Ranveer Singh will roll his arm over and play the ‘Nataraj shot’ on the big screen soon. The young star will portray Kapil Dev in ’83, a biopic directed by Kabir Khan on the former cricket skipper who led the India to a 1983 World Cup triumph. The idea of making biopics on sports personalities has motivated a few makers in recent years. Azhar (2016) helmed by Tony D’Souza was inspired by the life and times of former captain Mohammad Azharuddin.
Azhar tanked, but Neeraj Pandey’s MS Dhoni: The Untold Story (2016), the Mahendra Singh Dhoni biopic starring Sushant Singh Rajput, was a sleeper hit. James Erskine made a docudrama-biographical film on Sachin Tendulkar called Sachin: A Billion Dreams (2017) starring the Master Blaster himself, which the legend’s fans enjoyed thoroughly.
Fiction and cricket have come together in many Bollywood films. Among them is Subodh Mukherjee’s Love Marriage (1959), which had Dev Anand as a star cricketer. His character has differences with the landlord’s daughter (Mala Sinha), who falls in love with him after watching him in a match. Ashutosh Gowarikar’s Lagaan (2001) is the most popular film to have featured the game.
The story merges patriotism and cricket and, ultimately good guys (naive villagers) triumph over bad guys (British colonisers). Starring Aamir Khan, Lagaan became the third Indian film to get nominated for the Academy Award for Best Foreign Language Film.
Nagesh Kukunoor’s Iqbal (2005) is the story of a deaf and mute youngster (Shreyas Talpade) who is guided by his alcoholic coach (Naseeruddin Shah). Eventually, the determined young man gets an opportunity to represent Team India. The outcome of fine direction and acting, the film was praised by everybody who mattered. Awwal Number (1990) directed by Dev Anand deserved to bomb as it did. In the film, Anand is a top cop who is also the chairman of selectors.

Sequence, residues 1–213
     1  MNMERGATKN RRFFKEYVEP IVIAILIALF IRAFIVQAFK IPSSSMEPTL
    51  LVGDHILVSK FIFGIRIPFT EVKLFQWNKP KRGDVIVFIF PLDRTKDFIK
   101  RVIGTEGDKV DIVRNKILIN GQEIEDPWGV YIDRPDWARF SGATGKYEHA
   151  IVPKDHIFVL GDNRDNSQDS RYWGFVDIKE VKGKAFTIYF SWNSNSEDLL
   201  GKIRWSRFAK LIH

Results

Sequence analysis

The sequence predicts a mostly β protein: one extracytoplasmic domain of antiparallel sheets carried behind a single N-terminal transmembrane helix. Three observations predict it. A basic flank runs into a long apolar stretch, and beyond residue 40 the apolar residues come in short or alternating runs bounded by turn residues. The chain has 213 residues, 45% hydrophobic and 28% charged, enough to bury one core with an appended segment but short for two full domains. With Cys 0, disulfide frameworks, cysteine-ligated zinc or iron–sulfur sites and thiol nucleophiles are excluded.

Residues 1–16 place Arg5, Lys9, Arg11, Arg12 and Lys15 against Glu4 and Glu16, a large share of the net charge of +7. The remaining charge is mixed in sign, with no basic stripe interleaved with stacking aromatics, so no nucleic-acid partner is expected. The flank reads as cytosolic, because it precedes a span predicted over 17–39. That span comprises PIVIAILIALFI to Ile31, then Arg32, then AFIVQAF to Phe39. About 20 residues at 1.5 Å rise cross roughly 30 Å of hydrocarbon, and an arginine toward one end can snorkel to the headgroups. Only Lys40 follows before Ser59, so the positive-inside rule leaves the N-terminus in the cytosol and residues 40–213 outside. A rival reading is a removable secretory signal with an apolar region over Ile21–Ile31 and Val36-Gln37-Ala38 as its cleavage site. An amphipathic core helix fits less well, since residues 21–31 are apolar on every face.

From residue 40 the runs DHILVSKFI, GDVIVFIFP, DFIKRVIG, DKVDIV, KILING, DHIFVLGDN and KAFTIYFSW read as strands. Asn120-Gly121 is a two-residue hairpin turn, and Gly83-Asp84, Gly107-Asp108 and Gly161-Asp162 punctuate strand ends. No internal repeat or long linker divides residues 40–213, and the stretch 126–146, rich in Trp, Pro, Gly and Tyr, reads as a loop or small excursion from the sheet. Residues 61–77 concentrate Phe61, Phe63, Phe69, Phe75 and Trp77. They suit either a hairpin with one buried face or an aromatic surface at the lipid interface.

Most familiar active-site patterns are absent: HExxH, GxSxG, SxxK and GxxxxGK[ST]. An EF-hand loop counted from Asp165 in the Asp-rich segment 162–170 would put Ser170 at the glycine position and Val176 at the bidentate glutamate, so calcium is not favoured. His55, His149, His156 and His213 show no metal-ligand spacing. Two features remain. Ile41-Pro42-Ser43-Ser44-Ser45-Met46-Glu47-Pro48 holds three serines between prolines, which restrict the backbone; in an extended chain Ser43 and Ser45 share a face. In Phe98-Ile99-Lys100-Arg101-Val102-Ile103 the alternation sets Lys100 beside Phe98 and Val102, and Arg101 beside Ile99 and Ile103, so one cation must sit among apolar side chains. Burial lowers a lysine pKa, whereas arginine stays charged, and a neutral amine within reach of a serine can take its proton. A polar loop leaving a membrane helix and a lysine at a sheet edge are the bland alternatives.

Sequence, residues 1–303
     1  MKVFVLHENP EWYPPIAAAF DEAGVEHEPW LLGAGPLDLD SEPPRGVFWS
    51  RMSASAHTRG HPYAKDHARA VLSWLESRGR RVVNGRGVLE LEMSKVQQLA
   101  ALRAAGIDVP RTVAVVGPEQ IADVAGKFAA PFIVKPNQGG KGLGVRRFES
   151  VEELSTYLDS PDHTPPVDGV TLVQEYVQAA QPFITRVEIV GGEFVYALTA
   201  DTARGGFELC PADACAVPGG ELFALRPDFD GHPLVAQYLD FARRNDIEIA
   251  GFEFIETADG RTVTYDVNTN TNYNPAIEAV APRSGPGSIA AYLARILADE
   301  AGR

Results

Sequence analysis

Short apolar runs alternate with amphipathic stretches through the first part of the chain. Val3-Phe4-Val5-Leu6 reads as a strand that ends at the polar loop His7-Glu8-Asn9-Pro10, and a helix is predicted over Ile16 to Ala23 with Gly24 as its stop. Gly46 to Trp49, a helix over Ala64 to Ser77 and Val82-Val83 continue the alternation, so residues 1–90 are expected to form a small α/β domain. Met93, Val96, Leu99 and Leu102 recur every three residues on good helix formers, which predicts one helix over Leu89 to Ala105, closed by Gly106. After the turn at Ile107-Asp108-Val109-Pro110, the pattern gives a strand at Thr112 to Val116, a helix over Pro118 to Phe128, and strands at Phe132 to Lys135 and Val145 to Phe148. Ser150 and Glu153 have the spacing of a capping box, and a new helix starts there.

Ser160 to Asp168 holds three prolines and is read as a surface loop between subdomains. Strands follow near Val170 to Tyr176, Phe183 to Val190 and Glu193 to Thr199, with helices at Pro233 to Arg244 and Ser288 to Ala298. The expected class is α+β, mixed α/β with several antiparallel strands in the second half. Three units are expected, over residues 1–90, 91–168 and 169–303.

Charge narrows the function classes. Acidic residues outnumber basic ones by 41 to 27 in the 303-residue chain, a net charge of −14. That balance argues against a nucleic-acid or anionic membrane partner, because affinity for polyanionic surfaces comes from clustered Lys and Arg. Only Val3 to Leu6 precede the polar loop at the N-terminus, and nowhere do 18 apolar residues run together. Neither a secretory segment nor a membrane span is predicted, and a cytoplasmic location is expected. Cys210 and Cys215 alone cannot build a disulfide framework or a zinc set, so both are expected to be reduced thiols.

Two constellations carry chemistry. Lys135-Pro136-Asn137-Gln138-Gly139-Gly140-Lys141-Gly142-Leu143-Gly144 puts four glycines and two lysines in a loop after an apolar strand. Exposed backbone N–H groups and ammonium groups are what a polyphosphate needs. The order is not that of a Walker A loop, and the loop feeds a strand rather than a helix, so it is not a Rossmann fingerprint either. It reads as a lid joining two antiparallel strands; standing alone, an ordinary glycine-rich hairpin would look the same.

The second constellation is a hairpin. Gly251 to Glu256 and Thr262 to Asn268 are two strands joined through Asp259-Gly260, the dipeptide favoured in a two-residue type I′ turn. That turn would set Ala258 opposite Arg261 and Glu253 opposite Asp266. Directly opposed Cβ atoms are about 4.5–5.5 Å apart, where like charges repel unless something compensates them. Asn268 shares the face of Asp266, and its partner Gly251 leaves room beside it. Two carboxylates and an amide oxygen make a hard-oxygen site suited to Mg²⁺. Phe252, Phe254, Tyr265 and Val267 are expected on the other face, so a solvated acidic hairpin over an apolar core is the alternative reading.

Aamir Khan plays a promising cricketer, and the story even has a terrorist plot that makes the proceedings appear inadvertently comical. Cricket has countless devotees, which is why most Bollywood sports films have a link with it. Not all these films have been commercially successful, but that hasn’t dissuaded anyone. Is that foolhardy? It is not, if one keeps in mind that the film industry is driven by a monosyllabic word. Hope.
Other on-reel cricketers
Mandira Bedi is a cricket-besotted teacher in Chandrakant Kulkarni’s Meerabai Not Out (2008). Karanjeet Saluja’s Chain Kulii Ki Main Kulii (2007) is about what happens after a teenager (Zain Khan) ends up with an old bat he believes is the one Kapil Dev used to score 175 (not out). Rani Mukherjee plays cricket disguised as a man in Dil Bole Hadippa (2009).